Their memory circuitry uses electric charges to program memory. These charges remain in place but will start discharging soon after, thereby losing the data stored in what is referred to as disc rot.
Does an SSD Use Less Power?
In determining the answer to this question, a comparison with HDDs is in order. SSDs have different architectures compared to HDDs.
SSDs employ flash memory cells to store their data, whereas a HDD uses magnetic technology. This difference in technologies creates a difference in how they consume power.
HDDs have mechanical parts which require more power to work them.
The memory cells on SSD are fixed, and there aren’t any movable parts. So, yes, SSDs do consume less power.
The voltage requirements for each of these devices are also available from their respective packaging or seller website.
How Much Power do SSD Use?
The different build that SSDs have compared to HDDs gives them a significant edge when discussing power consumption.
For instance, a typical HDD will consume an average of 3.5 Watts of power no matter what state it is in. (State in this instance refers to whether it is in use or idling).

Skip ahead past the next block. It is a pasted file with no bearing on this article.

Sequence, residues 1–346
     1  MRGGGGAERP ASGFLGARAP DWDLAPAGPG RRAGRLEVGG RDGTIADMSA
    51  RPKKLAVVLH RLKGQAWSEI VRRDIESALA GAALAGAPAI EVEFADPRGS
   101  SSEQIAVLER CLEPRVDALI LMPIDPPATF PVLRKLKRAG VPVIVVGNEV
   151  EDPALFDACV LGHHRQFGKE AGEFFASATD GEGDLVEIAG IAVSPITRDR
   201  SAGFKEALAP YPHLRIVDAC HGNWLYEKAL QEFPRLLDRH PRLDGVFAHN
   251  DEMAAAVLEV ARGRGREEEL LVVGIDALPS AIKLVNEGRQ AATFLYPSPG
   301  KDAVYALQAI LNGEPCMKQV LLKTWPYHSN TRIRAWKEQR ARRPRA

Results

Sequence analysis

When it’s in use, some components need to move around, and this demands more power.
In the case of SSDs, the power consumption is lower. Their power performance sees them average less than 0.1 Watts when idling. On the other hand, when in use, they consume on average 2.5 Watts of power.
The difference in power consumption rates makes SSDs the more power-efficient choice.
It’s worth noting, however, that the exact figures may vary depending on the brand, make, and model of the SSD in question.
How Much Power Does a 2.5″ SSD Use?
The 2.5″ form factor SSD is the most available SSD option. So, for any first-time buyers or SSD newbies who want specifics about it, this bit could be useful.
These SSDs tend to consume or need an average of slightly below 4 Watts when working (writing data to them in this case).
For read operations, expect consumption rates of around 1 Watt. When idling, the power consumption drops to below 1 Watt.
How Much Power Does a NVMe SSD Use?
NVMe refers to an interface specification used to connect storage devices to the system via PCIe buses.
These types of SSDs have no cabling involved with them because of their form factor. They get their power directly from the PCIe slot where they’re placed in.
That said, these types of SSDs, require an average of slightly above 5 Watts to function. (Perform write and read operations) When idling, their power consumption drops to an average of 0.02 Watts.
How Much Power Does a M.2 SSD Use?
M.2 form factored SSDs are manufactured to a shape similar to RAM sticks. These SSDs connect to the computer via buses (known as PCIe slots) found on the motherboard.
When they are slotted in place, they are ready to be used. This slot is also what provides the power necessary for it to work.
On average, SSDs of this type typically consume 5 Watts of power when performing operations. On the other hand, when they’re idle, they consume power ranging between 0.02 and 0.05 Watts.